O’Keefe et al also note that two recent studies found that reduction of LDL to physiologically natural levels (i.e. less than 70 mg/dL) halted atherosclerosis, whereas moderate lowering allowed continued progression.  Caldwell Esselstyn likewise proved that a plant-based diet that produces an LDL of less than 70 mg/dL will reverse coronary artery disease without the use of statin drugs (here).

In other words, if you get your LDL down to about 60 mg/dL (a level found in healthy wild animals and neonates) you can prevent and reverse atherosclerosis.  Since atherosclerosis occurs throughout the body, impairing oxygen and nutrient delivery to and waste removal from all tissues and organs, cardiovascular disease promotes disease of all tissues and organs, and reversal of cardiovascular disease helps to restore health to all tissues and organs. 

In fact, all of the following diseases can be outcomes of  atherosclerosis impairing blood flow to the specific tissues:

  • Macular degeneration (retina)
  • Degenerative disk disease (spinal disks)
  • Impotence (genitals)
  • Hearing loss and tinnitus (ears)
  • Strokes (brain)
  • Aneurysm (aorta)
  • Kidney failure (kidneys)
  • Intermittent claudication (legs)

Similar to this, traditional Chinese medical theory maintains that the heart rules all other organs and all disease includes impaired flow of qi and blood, and thus that effective therapy must always involve improving heart and spirit function and qi and blood circulation.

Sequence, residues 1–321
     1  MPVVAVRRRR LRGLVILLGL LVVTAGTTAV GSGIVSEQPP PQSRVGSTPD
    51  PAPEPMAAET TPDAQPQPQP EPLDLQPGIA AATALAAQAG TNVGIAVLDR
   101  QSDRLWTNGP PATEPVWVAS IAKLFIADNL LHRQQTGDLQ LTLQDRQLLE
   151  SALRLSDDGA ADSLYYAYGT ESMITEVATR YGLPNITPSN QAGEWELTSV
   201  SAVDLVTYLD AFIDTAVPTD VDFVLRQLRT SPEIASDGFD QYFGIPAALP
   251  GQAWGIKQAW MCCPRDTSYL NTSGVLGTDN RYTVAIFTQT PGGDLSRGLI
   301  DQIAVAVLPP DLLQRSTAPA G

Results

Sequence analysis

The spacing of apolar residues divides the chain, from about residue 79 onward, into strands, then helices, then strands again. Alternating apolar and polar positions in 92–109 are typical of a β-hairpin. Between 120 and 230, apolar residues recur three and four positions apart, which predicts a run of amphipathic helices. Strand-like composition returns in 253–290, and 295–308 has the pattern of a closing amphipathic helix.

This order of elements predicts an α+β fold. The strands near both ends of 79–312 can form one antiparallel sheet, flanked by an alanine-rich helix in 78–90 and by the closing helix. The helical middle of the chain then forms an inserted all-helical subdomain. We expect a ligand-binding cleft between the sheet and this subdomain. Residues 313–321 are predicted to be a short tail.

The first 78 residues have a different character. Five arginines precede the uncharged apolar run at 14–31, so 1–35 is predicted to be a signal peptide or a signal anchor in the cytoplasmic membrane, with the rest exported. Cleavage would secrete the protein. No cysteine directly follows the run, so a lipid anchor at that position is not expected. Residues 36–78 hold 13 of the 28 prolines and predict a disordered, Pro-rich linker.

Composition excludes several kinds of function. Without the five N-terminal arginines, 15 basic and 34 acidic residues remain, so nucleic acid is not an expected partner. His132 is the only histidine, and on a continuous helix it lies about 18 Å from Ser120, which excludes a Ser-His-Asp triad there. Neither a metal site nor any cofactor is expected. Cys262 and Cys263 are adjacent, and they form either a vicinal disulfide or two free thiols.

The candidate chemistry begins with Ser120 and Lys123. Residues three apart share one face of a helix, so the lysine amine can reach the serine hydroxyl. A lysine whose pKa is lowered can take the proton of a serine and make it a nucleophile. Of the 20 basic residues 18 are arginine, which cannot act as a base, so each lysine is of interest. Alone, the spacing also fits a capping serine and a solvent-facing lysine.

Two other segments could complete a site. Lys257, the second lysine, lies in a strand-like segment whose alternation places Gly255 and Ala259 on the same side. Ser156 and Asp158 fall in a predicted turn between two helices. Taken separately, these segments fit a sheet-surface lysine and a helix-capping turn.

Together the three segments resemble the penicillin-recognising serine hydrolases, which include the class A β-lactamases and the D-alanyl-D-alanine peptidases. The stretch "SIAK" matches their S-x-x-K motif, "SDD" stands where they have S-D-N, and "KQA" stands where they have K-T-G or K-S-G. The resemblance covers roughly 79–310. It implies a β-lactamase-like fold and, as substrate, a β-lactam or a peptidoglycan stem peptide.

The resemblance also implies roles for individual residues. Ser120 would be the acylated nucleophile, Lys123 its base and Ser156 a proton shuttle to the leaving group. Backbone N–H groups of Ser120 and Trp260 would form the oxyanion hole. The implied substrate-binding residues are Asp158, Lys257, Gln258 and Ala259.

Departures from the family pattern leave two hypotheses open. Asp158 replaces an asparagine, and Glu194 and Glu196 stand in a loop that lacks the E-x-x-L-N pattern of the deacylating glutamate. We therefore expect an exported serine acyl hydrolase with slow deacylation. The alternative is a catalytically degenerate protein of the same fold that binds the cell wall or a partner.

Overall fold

"The heart is the sovereign of all organs and represents the consciousness of one's being. It is responsible for intelligence, wisdom, and spiritual transformation...decision-making is the king's job.  If the spirit is clear, all the functions of the other organs will be normal....If the spirit is disturbed and unclear, the other organs will not function properly.  This creates damage.  The pathways and roads along which the qi flows will become blocked and health will suffer.  The citizens of the kingdom will also suffer."  The Yellow Emperor's Classic of Medicine, Chapter 8

With all of this in mind, since re-adopting a plant-based diet about 8 months ago, I have aimed  for a total cholesterol of less than 150 mg/dL and an LDL of less than 70.  

I last had my lipids checked in July of 2007.  At that time I had  eating a grain-free, paleo-style diet as described in the “practically paleo” book I published with Rachel Albert in 2004.  That diet, consisting of meat, poultry, fish, eggs, vegetables, and fruits, supplied about 25% of energy as protein (mostly animal), 40-45% as fat, and 30-35% as carbohydrate. Here’s the part of that report containing the lipid profile:




As the report shows, I had a total “cholesterol” (actually, total lipoproteins) of 231, an LDL of 138, HDL of 85, VLDL of 8, and triglyceride of 47.  The cholesterol to HDL ratio was 2.7.  Thus, my total was about 100 points above that of wild mammals, and my LDL was twice the healthy level.
I suspect that between 2007 and 2011, I had further elevation of my total and LDL, but I didn’t confirm my suspicion with lab work.  My suspicion arises from the fact that by 2009 I was eating more total fat (about 50-60% of energy from fat) and less vegetable starch (particularly fewer sweet and white potatoes) than in 2007, and I had by 2011 developed some signs associated with and thought to be caused by elevated blood lipids, particularly xanthomas .